PRESIDENT Paul Kagame has urged religious leaders to continue participating in the building of the country irrespective of their spiritual beliefs.
Kagame made the call at the closing ceremony of the Pentecostal Church of Rwanda (ADEPR) leaders retreat at Petit Stade in Kigali yesterday.
The ceremony brought together over 2,500 members of ADEPR, religious leaders and several government officials. A total of 370 ADEPR members convened for one week at Nkumba, Burera District to share and discuss their challenges and forge the way forward for the church development. They also discussed matters of national importance.
The Head of State said challenges should not make Rwandans and churches weaker but stronger and more determined to work hard for a better future.
Despite differences in religious beliefs, Kagame said, they all share one country -Rwanda - whose wellbeing benefits all Rwandans irrespective of their faith, beliefs or clans.
The President advised churches to uphold the truth, value themselves, God and the country.
The Head of State commended the work done by ADEPR towards the development of the country and encouraged them to stay focused on their good work.
Kagame thanked ADPR for resolving the internal conflicts that had almost torn the church apart.
Pentecostal faithfuls in the past few months witnessed internal wrangles and an inquiry was commissioned to probe possible genocide ideologies amongst its leaders that threatened to split the church.
In the Rwandan culture, Kagame reminded them, those who betray Rwanda have a chance to repent their sins and be part of the society again.
The President warned those who base on religious differences, clans and ethnicities to discriminate people, stressing that all people belong to God and nobody had the right to discriminate others.
He observed that while there are various ways to get to God, the destination remains one.
The Head of State called on all Rwandans to leave their differences behind and focus on more constructive issues, adding that if they closely work together, the challenges Rwandans go through will come to pass as has previously been the case.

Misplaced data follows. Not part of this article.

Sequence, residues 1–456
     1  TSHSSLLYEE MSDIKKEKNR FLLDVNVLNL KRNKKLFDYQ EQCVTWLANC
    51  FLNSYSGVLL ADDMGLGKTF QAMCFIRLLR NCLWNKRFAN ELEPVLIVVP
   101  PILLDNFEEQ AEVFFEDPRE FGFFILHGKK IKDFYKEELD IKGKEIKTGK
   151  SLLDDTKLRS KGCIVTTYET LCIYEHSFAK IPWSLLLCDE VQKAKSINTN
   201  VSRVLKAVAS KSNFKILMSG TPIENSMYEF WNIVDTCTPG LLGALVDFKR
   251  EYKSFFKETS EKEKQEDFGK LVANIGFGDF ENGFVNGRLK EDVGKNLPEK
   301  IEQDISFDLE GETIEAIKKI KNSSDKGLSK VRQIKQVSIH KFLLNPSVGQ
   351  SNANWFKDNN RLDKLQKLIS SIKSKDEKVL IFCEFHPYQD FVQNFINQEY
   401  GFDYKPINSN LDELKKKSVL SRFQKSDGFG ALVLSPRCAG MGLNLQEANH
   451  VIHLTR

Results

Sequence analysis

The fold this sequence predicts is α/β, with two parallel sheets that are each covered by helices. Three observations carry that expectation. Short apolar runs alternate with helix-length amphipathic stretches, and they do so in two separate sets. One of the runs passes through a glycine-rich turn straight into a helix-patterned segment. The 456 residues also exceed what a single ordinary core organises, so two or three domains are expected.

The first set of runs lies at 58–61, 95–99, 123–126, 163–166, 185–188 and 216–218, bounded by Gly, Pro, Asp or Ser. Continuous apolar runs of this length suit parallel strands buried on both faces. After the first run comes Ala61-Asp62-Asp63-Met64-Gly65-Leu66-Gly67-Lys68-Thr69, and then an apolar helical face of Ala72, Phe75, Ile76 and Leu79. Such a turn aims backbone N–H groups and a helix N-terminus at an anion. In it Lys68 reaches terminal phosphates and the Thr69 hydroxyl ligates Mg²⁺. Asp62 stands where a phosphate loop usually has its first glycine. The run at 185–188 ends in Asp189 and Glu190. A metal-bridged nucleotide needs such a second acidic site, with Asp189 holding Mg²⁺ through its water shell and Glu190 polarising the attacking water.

According to Pastor Jean Sibomana, Head of ADEPR, the retreat was an opportunity to reflect on their role in the development of the church and the country.
"We are committed to the development of our country, for instance we are targeting to build 296 houses specifically for the survivors of the Genocide against the Tutsi across the country," he said.
ADEPR also pledged over Rwf63 million to the Agaciro Development Fund.
The Pentecostal Church, with over one million followers across the country, started in Rwanda in 1940.
The Church has contributed to the country's development in the areas of health, education, social development and unity and reconciliation, among others.
In August, the United Nations Educational, Scientific and Cultural Organisation (UNESCO) awarded ADEPR with the King Sejong Literacy Prize for promotion of literacy programmes in Rwanda.
According to the church officials, over the last 10 years, about 413,766 people in the country have benefited from ADEPR literacy programmes.
The Pentecostal church currently has 70 nursery schools, 160 primary schools, 45 secondary schools and 36 technical schools.
The event also attracted representatives of Pentecostal churches from the Democratic Republic of Congo and Burundi.